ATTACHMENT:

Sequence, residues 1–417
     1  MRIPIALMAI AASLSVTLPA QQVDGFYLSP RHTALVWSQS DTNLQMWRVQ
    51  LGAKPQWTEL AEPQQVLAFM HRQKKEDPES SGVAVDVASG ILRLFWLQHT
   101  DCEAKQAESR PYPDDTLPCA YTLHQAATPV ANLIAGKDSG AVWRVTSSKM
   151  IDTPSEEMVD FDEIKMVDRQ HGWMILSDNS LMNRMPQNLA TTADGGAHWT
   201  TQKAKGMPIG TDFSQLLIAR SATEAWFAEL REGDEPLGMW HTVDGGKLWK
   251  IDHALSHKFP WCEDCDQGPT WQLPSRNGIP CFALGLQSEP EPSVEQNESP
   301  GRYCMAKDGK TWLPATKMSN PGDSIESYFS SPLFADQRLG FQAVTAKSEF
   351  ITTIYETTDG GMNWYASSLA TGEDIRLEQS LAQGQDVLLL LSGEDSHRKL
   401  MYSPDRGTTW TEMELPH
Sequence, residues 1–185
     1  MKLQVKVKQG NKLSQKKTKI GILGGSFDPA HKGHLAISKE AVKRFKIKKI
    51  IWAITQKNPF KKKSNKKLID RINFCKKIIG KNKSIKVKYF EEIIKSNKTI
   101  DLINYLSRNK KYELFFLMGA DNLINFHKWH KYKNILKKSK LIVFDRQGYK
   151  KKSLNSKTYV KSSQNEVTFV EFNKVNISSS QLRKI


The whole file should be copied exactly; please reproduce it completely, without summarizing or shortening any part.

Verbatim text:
Sequence, residues 1–417
     1  MRIPIALMAI AASLSVTLPA QQVDGFYLSP RHTALVWSQS DTNLQMWRVQ
    51  LGAKPQWTEL AEPQQVLAFM HRQKKEDPES SGVAVDVASG ILRLFWLQHT
   101  DCEAKQAESR PYPDDTLPCA YTLHQAATPV ANLIAGKDSG AVWRVTSSKM
   151  IDTPSEEMVD FDEIKMVDRQ HGWMILSDNS LMNRMPQNLA TTADGGAHWT
   201  TQKAKGMPIG TDFSQLLIAR SATEAWFAEL REGDEPLGMW HTVDGGKLWK
   251  IDHALSHKFP WCEDCDQGPT WQLPSRNGIP CFALGLQSEP EPSVEQNESP
   301  GRYCMAKDGK TWLPATKMSN PGDSIESYFS SPLFADQRLG FQAVTAKSEF
   351  ITTIYETTDG GMNWYASSLA TGEDIRLEQS LAQGQDVLLL LSGEDSHRKL
   401  MYSPDRGTTW TEMELPH
Sequence, residues 1–185
     1  MKLQVKVKQG NKLSQKKTKI GILGGSFDPA HKGHLAISKE AVKRFKIKKI
    51  IWAITQKNPF KKKSNKKLID RINFCKKIIG KNKSIKVKYF EEIIKSNKTI
   101  DLINYLSRNK KYELFFLMGA DNLINFHKWH KYKNILKKSK LIVFDRQGYK
   151  KKSLNSKTYV KSSQNEVTFV EFNKVNISSS QLRKI